Modern Day Pioneers, by Bob Dotson

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Modern Day Pioneers, by Bob Dotson
A Grand Retirement Adventure by Alan Blake: Part 12

I crisscrossed this country for 40 years, reporting “The American

Story with Bob Dotson” on the NBC TODAY Show. That quest was almost

non-stop. More than four million miles searching for people who are

practically invisible, the ones who change our lives, but don’t take time to

tweet and tell us about it.

 

Wisdom is found in unexpected places. Tools for some of the first

microsurgeries were invented in a garage. An out of work truck driver

tinkered and perfected them until they changed our world. It all seemed as

easy to Jim Crudup as rewiring his old car.

 

I met him one pretty spring day outside Forest, Mississippi. Paused

to admire his beautiful ’46 Ford. The coupe and I are the same age. Jim

smiled when I added, “Looks like it’s in better shape than me.”

 

“You can’t always tell about a car — by its polish,” he grinned.

 

Same with people. The former truck driver in that beautiful Ford

taught surgery for thirty years with only a high school education, even

though he could not stand the sight of blood and didn’t like needles.

 

Jim Crudup started driving trucks after he got out of the Army. When

his business hit hard times, he took a job cleaning medical tools at a

research lab at the University of Michigan. One day he borrowed the

doctor’s books and began teaching himself.

 

Dr. Sherman Silber heard some of the older surgeons talking about

this amazing guy, Jim, “He just watched what they were doing, and he did

it better than them.”

 

Dr. Silber was a struggling med student in the 1960s, “I had no

manual ability whatsoever!”

 

Jim explained that surgery is mostly in the mind, not really in the

hands, and then showed him how to think it through, calming the med

student’s frustration. Dr. Silber became one of the pioneers of

microsurgery; a leading fertility specialist, using techniques he perfected

with tools Jim made for him.

 

“We practiced on rats,” he said. “Once a surgeon can do a heart

transplant on a rat, it’s not a big deal to do a testicle transplant on

a human.”

 

Of course, Jim was not allowed to work on people, but the professors

did not know how to use those microsurgery tools. They sent students to

learn what only Jim could teach.

 

I asked Crudup: “How did the young doctors react when they were

told to learn from a guy who cleaned their tools?”

 

“They didn’t know that I was black,” he giggled. “They would come

over and say, ‘Well where’s Jim?’ I’d just say, ‘You’re looking at him!’”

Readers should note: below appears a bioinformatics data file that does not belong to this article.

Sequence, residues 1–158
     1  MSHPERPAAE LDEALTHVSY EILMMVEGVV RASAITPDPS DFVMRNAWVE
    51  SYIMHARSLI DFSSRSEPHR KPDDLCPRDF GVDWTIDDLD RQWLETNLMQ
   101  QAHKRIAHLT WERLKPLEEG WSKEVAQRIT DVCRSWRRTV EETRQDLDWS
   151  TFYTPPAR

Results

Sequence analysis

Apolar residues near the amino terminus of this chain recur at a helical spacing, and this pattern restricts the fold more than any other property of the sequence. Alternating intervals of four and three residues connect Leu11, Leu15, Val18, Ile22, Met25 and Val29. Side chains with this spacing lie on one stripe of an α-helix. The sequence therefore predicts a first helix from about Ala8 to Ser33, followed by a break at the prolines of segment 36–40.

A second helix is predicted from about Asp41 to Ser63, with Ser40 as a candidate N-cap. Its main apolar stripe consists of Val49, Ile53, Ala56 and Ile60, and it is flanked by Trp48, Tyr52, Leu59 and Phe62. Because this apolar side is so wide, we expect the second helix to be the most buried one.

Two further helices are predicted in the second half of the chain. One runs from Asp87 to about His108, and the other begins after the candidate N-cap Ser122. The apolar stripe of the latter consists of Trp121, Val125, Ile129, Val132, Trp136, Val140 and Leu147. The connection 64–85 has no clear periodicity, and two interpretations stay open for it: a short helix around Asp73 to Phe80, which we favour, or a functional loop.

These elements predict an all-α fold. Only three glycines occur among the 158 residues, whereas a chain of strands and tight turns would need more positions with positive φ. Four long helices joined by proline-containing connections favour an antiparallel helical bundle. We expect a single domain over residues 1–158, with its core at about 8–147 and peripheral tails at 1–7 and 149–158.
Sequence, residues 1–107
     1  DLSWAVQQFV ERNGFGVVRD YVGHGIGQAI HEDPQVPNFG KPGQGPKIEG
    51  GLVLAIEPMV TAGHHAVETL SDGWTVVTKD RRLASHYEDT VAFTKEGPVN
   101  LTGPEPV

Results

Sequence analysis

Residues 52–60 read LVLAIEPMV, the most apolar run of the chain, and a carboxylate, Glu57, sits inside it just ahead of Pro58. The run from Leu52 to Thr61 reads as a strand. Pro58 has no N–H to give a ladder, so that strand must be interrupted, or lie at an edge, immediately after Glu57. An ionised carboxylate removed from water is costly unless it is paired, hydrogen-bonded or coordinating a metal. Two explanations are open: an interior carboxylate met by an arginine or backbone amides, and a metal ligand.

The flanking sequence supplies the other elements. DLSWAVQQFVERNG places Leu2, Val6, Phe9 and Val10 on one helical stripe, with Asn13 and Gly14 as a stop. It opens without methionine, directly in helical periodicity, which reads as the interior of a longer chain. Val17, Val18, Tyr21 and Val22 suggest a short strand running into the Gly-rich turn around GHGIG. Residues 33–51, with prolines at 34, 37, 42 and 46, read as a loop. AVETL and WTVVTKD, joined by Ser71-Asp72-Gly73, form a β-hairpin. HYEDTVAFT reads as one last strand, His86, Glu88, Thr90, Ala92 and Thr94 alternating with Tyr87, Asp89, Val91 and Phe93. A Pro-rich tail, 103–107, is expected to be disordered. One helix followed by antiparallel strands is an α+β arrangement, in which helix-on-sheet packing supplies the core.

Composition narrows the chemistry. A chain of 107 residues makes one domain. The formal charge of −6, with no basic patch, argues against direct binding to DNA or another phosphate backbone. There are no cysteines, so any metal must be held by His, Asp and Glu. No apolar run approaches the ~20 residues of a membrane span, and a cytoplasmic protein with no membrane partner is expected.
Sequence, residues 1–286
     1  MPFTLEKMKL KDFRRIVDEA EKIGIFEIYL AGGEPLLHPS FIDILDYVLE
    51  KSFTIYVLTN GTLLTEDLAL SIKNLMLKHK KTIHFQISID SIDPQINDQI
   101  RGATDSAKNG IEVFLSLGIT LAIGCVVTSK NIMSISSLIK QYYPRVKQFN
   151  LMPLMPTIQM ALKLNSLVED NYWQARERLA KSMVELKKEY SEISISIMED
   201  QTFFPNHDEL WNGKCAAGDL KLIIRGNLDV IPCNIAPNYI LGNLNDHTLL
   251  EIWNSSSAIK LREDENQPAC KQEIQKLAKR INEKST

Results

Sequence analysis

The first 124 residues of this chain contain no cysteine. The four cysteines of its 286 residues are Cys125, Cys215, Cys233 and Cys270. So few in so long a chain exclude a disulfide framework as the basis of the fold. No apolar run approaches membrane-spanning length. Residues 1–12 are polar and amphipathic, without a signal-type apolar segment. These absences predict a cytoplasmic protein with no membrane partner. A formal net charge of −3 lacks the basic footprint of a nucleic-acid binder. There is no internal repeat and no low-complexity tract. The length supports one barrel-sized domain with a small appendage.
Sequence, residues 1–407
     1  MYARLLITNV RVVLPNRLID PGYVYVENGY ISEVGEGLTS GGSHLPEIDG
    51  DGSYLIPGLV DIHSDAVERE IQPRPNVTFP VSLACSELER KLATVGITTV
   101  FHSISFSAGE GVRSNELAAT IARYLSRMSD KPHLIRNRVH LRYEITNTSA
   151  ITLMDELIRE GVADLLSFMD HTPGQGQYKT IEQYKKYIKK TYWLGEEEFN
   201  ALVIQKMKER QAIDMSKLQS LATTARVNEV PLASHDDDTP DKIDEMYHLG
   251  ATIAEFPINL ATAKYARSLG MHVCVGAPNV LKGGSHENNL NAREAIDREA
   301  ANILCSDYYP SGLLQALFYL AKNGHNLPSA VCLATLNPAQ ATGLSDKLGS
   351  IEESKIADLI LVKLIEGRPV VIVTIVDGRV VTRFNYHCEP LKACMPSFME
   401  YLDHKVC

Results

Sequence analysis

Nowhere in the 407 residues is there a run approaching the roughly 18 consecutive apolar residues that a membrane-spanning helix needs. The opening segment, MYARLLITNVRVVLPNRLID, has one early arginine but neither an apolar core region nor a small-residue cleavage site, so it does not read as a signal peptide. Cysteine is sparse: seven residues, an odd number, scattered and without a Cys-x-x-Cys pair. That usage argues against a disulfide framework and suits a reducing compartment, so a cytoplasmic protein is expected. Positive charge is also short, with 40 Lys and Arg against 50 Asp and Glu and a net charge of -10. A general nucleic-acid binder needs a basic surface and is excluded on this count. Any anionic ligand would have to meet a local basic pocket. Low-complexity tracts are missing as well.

The former truck driver had a way of making it pretty obvious by the

end of one or two operations that he knew a lot more about surgery than

they did, and then the whole relationship would change, but the gentle man

with the ready smile, never became a doctor himself. He started working

at the hospital in his late thirties with four kids to raise — and all those

students. Jim helped many doctors to greater fortune than his own.

 

“What did you get out of all this?” I asked.

 

A rueful smile crossed his face, “One day I knew I’d be on an

operating table with one of my students holding a knife over me. I could

rest assured they were well taught.”

 

Each year the best surgical student at the University of Michigan gets

his name on a plaque that bears Jim Crudup’s face. The Head of Vascular

Surgery, Dr. Thomas Wakefield told me it was his department’s most

important award, “and it’s named after our most important teacher.” To his

neighbors Jim was just that quiet old guy who could fix anything. Crudup

seldom mentioned what he’d done. What he’d done, speaks for itself.

 

Telling tales on television is a bit like writing on smoke. After a brief

mention, the men and women I profiled drifted away, but the lessons they

left us linger. Their importance undiminished.

This story first appeared in the New York Times best-selling book:

“American Story: A Lifetime Search for Ordinary People Doing

Extraordinary Things.” (Penguin/Random House)

https://www.amazon.com/dp/B008EKOOT6/ref=dp-kindle-redirect?_encoding=UTF8&btkr=1

 

Want to hear more? Upstate International invites you to join me for:

Lunch with Bob Dotson on February 21, 2018 at the Poinsett Club, 807 East Washington Street in Greenville.

RSVP is required. Tickets go on sale January 21 through Upstate International.

 

We’ll explore the reasons why modern day pioneers — from every corner of the planet — still seek America’s promise.

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